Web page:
How to programmatically disable Adobe Updater

By default, the Adobe Updater application that is installed along side various Adobe products like Acrobat and Photoshop is set to check for updates automatically. Specifically, it’s set to check for updates to all installed Adobe products every week, and to download all updates and then notify you when they are ready to be installed. In this post, I’ll explain how to disable this feature by editing a settings file while avoiding the GUI.

Adobe Updater Preferences

Adobe Updater Preferences

In a managed environment, an administrator may not want any software to update itself for any number of reasons. The automatic check can be switched off in the Adobe Updater preferences, but it can be a nuisance to find and requires as many as 9 clicks.

Adobe Updater can be launched from within Adobe products by clicking Help | Check for Updates (note that in some products, the path is Help | Updates, but in either case, you can use the keystroke Alt+H, U). Click Preferences, then uncheck the box next to Automatically check for Adobe updates and click OK, then close the Adobe Updater window. You may have to click Quit in a subsequent window before the application closes.

For a more direct route, the Adobe Updater executable installed with Reader 9 resides at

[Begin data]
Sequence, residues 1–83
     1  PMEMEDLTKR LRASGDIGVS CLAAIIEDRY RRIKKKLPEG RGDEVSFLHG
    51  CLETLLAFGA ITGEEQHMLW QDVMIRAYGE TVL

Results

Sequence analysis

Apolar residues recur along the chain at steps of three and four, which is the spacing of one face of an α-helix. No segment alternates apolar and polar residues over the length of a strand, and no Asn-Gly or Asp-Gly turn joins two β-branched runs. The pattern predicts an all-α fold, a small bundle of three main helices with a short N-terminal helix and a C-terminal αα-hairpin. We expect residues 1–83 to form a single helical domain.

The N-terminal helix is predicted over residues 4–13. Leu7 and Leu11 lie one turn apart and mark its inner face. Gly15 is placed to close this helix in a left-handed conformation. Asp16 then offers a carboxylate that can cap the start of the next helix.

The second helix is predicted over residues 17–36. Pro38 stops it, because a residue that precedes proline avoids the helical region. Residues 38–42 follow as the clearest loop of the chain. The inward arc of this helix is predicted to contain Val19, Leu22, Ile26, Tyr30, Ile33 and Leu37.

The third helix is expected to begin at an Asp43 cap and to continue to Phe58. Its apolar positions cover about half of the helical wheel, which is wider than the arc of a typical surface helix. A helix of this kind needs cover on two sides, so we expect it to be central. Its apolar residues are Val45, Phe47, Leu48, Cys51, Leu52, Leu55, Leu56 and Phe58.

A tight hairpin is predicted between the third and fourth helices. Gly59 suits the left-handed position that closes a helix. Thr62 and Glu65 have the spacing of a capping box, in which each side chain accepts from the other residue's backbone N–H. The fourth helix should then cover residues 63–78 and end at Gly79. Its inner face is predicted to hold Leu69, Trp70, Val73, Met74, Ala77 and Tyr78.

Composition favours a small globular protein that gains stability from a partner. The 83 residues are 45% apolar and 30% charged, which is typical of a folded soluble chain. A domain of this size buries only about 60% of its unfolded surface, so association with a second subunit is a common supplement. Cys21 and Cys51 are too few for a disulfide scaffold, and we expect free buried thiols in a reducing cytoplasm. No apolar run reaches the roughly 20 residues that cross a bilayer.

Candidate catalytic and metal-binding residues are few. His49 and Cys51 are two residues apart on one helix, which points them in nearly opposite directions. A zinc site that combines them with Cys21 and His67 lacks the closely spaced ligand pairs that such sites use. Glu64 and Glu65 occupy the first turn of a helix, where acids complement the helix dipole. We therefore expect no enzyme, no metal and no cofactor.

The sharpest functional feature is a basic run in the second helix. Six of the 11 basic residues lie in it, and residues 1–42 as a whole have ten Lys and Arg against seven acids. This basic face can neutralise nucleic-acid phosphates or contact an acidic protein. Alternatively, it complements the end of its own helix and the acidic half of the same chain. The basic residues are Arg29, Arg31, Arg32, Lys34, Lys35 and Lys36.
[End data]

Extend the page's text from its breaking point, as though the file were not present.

C:\Program Files (x86)\Common Files\Adobe\Updater6\AdobeUpdater.exe on a 64-bit Windows 7 machine, and at
C:\Program Files\Common Files\Adobe\Updater6\AdobeUpdater.exe on a 32-bit Windows XP machine.

All of the configurable settings are saved to a file named AdobeUpdaterPrefs.dat in the user profile, rather than as registry keys. The .dat file extension suggests a binary file, but it’s actually just an XML document that can be opened in any text editor.

The preferences file resides at
C:\Users\[USERNAME]\AppData\Local\Adobe\Updater6\AdobeUpdaterPrefs.dat on a 64-bit Windows 7 machine, and at
C:\Documents and Settings\[USERNAME]\Local Settings\Application Data\Adobe\Updater6\AdobeUpdaterPrefs.dat on a 32-bit Windows XP machine.

The minimum lines that need to exist for the file to be valid and for “Automatically check for Adobe updates” to be disabled are:

<?xml version="1.0" encoding="UTF-8" ?>
<AdobeUpdater>
<AutoCheck>0</AutoCheck>
</AdobeUpdater>

To disable the auto update check programmatically, this file can be saved as AdobeUpdaterPrefs.dat and a script used to later overwrite the file in the user profile. A rather geekier approach would be to use a batch file to rename AdobeUpdaterPrefs.dat and then write a new file. I prefer the latter method because it requires only a single file and because it could be easily modified to insert lines that would change other settings, such as the location of the aum.log log file or the download directory, which are located in the user profile by default.